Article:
Worldata

The History of Internet Advertising

Article as seen in DM News April 21, 1997

In just a relatively short time, advertising on the World Wide Web has become a common activity embraced by advertisers and marketers across all industry sectors. Looking back a little more than two years, that was not the case.

As a VP at Worldata for over 10 years, I have been privileged to witness the development and growth of a pioneering media placement service for the Internet. Taking a look at the early direction and misdirection that has gotten Web advertising where it is now gives us a better understanding of where it is heading.

Working with prominent high-tech clients during Comdex '94, Roy and Jay Schwedelson identified the buzz in the air about the "new Internet" and the Information Superhighway. As regular exhibitors at and attendees to Comdex, they received certain technical insight that was not as available to their colleagues in the direct marketing community.

At Comdex '94, Jay Schwedelson was helping man the booth during his break from the University of Florida. A marketing/communications major, Jay grew up around direct marketing and looks forward to an exciting future within the DM community. Both Roy and Jay had attended the keynote speech by Phillipe Kahn, which touched on futures within the high-tech industry.

After listening to the speech, Jay's concern was in regards to the future of direct marketing in the next 10, 20, or even 30 years, and would it be there for him.

On the flight home, Roy and Jay continuously brainstormed different ways that advertising could and should work on the Internet. They synthesized traditional direct response marketing with the Internet, conceptualizing the dynamics of targeted media placement on the Web. It was at this point in time, WebConnect was born.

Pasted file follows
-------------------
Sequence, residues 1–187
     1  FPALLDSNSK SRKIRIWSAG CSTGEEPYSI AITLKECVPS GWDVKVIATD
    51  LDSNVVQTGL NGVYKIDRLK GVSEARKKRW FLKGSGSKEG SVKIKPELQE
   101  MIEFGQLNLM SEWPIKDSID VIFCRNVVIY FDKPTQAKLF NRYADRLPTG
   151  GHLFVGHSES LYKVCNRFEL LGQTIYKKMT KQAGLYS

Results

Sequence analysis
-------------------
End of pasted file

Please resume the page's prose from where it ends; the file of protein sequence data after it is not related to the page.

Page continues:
Roy Schwedelson and Jay Schwedelson realized that the Web was the next direct response medium and that the brokerage of information served on this new technology was a logical outgrowth of their traditional business. While the Schwedelson's were working towards the future, others entrepreneurs and industry pioneers were doing the same. It was evident that Web-based advertising was the next mountain to be climbed. Below is a short time-line representing some of the key events which occurred relating to the Internet.

Milestones on the Information Superhighway relating to Advertising (Source: Ad Age, corporate press releases, and the Internet)


Chronological History Of Internet Advertising

1989

  • Tim Berners-Lee invents the World Wide Web while working at CERN, the European Particle Physics Laboratory.

    April 1994

  • Andreesen and Clark start NetScape.

    October 1994

  • HotWired site launches with ads from AT&T, Sprint, MCI, Volvo, and others.
  • Time-Warner launches Pathfinder with test ads from AT&T.
  • Roy Schwedelson delivers a speech on the Information Superhighway at the Fall DMA conference in Toronto urging direct marketers to get involved.